The Supreme Court allowed the appeal filed by United India Insurance Co. Ltd. against M/s Hyundai Engineering & Construction Co. Ltd. & Ors., challenging the decision of the National Consumer Disputes Redressal Commission (NCDRC) which allowed the consumer complaint and directed the insurance company to release and pay an insurance claim of Rs. 39,09,92,828/-.

The Court said that the NCDRC fell into a clear error of law and fact in allowing the consumer complaint and that there is sufficient evidence to justify repudiation of the claim on the basis of the exclusion clause.

The two-Judge Bench of Justice P.S. Narasimha and Justice Aravind Kumar observed, “… we are of the opinion that the NCDRC fell into a clear error of law and fact in allowing the consumer complaint for multiple reasons. As we have not agreed with the preliminary objection of the appellant to reject the complaint and relegate the respondents to civil court, we made extra efforts to examine the facts in detail. It is for this reason that the evidentiary value of the reports, their scope and ambit, and their contents were examined by us in some detail.”

Senior Advocates Abhishek Manu Singhvi and Niraj Kishan Kaul appeared for the appellant while Senior Advocate Dama Seshadri Naidu appeared for the respondents.

Brief Facts -

The National Highways Authority of India (NHAI) awarded a contract for the design, construction, and maintenance of a cable-stayed bridge across the river Chambal on NH-76 at Kota, Rajasthan to a joint venture company comprising the respondent. The value of the project under the contract was Rs. 2,13,58,76,000/-. The appellant (insurance company) issued a Contractor’s All Risk Insurance Policy covering the interest of NHAI as principal. While the construction was in progress, a part of the constructed bridge collapsed in 2009, resulting in the death of 48 workmen. The Ministry of Road Transport and Highways, Government of India constituted a committee of experts (Expert Committee) for investigating and reporting the cause of the said collapse. An FIR was lodged against the respondent for offences under Sections 304 and 308 of the Indian Penal Code (IPC). The respondent was found liable for the loss of 48 lives due to several defects at the stage of design, construction, and supervision. While the surveyor was furnishing the details, the respondent made a claim of Rs. 1,51,59,94,542/-.

In 2010, NHAI issued a show-cause notice to the respondent and in the meanwhile, the surveyor appointed by the insurance company/appellant submitted its final report. It was recommended that the insurance claim must be rejected as the respondent violated the conditions of the insurance policy and hence, the claim was repudiated. On the request of the respondent, the appellant agreed to reconsider the repudiation but it did not find any justifiable reason for accepting the claim. In the meanwhile, the bridge was inaugurated and put to public use and was operating since then. After almost 2 years of the rejection of the claim, the respondent filed a consumer complaint before the NCDRC and the same directed the appellant to pay a sum and strangely, when its judgment was pronounced, an addendum was added to the judgment. The same was undated and sought to amend paras and directed payment of Rs. 1,51,59,94,542/- instead of Rs. 39,09,92,828/-. Being aggrieved, the insurance company approached the Apex Court.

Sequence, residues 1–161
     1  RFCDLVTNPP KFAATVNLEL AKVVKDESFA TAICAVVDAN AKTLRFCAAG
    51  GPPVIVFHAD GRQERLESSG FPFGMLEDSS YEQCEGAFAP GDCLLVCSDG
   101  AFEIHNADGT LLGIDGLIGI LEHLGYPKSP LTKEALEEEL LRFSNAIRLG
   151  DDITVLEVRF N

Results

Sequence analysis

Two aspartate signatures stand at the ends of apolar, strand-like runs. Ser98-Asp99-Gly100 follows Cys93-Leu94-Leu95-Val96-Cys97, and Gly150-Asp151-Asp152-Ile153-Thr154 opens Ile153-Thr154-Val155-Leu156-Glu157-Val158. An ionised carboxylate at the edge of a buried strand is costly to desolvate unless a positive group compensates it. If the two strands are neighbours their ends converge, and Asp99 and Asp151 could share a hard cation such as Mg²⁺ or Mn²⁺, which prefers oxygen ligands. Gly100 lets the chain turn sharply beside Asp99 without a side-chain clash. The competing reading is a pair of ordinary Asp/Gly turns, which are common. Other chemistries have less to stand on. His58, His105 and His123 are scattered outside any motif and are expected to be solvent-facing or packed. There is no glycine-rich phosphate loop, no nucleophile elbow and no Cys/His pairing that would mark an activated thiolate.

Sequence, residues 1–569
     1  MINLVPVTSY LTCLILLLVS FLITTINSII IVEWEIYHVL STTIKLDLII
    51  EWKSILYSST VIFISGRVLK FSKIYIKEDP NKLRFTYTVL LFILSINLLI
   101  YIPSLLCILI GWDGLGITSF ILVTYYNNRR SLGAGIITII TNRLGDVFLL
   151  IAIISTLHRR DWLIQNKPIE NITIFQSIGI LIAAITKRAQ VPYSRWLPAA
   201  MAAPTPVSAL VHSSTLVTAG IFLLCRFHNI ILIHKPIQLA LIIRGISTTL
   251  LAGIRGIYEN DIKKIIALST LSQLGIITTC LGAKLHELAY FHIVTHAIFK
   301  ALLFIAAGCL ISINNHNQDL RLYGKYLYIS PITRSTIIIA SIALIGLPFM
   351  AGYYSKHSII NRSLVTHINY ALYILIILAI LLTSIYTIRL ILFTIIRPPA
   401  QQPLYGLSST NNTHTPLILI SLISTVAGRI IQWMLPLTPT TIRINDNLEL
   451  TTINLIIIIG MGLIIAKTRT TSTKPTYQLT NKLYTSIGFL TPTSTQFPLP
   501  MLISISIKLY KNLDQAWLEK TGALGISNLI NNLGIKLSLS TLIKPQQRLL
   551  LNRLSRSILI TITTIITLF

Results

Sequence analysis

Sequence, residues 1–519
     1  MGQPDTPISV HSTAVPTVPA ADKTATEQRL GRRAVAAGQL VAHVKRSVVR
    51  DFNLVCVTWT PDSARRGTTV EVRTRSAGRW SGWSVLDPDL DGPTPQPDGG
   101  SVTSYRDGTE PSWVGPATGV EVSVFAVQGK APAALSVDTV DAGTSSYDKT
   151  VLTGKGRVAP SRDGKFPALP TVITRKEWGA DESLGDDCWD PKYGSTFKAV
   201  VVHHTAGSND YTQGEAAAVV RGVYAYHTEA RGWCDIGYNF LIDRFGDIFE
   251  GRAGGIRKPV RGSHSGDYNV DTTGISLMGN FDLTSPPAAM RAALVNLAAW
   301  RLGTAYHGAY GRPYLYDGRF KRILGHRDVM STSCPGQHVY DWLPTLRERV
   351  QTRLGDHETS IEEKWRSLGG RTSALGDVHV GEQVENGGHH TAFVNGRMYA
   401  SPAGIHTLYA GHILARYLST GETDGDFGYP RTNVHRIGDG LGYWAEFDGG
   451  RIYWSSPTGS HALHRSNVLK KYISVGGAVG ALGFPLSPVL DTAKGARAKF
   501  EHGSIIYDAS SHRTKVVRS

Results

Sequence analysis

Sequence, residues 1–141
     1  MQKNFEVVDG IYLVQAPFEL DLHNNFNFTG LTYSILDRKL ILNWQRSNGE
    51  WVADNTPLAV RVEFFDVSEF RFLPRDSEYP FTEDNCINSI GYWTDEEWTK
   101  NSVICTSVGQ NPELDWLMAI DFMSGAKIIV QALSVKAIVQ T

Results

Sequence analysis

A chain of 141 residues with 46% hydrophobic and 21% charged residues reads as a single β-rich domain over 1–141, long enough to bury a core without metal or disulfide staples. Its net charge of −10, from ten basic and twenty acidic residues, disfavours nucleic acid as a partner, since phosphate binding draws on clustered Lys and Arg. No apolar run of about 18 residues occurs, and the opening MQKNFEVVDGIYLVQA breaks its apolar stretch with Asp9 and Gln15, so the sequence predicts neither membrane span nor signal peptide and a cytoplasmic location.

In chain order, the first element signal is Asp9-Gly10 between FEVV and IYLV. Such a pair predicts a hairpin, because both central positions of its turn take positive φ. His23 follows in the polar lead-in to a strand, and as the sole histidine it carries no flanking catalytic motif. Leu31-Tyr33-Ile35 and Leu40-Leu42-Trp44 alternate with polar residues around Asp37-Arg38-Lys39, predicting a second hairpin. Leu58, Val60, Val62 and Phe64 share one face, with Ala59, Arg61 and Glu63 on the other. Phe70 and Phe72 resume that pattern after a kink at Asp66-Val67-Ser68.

The Supreme Court in view of the facts and circumstances of the case noted, “At the outset, the concerned experts were never examined before the NCDRC. Further, these reports were not based on site inspection. They are all theoretical in nature.”

The Court further noted that there is sufficient evidence to indicate that the surveyor made site-visits and the proof of that was part of the pleadings filed before it.

“The submission that NHAI continuing the contract with respondent nos. 1 and 2 and they have, in fact, completed the contract does not impress us. The continuation of work by respondent nos. 1 and 2 could be due to various reasons”, it said.

The Court added that even if the NHAI’s decision to continue is taken to be a valid economic decision, that by itself cannot be a reason for not applying the applicable clause of the contract if such applicability is otherwise proved by cogent evidence.

Accordingly, the Apex Court allowed the appeal and set aside the order of the NCDRC.

Cause Title- United India Insurance Co. Ltd. v. M/s Hyundai Engineering & Construction Co. Ltd. & Ors. (Neutral Citation: 2024 INSC 431)


Appellant: Senior Advocates Abhishek Manu Singhvi, Niraj Kishan Kaul, AOR Amit Kumar Singh, Advocates K Enatoli Sema, Chubalemla Chang, and Prang Newmai.

Respondents: Senior Advocate Dama Sheshadri Naidu, Advocates Mahesh Agarwal, Rishi Agrawala, Ankur Saigal, S. Lakshmi Iyer, Anwesha Padhi, Himanshu Saraswat, and AOR E. C. Agrawala.

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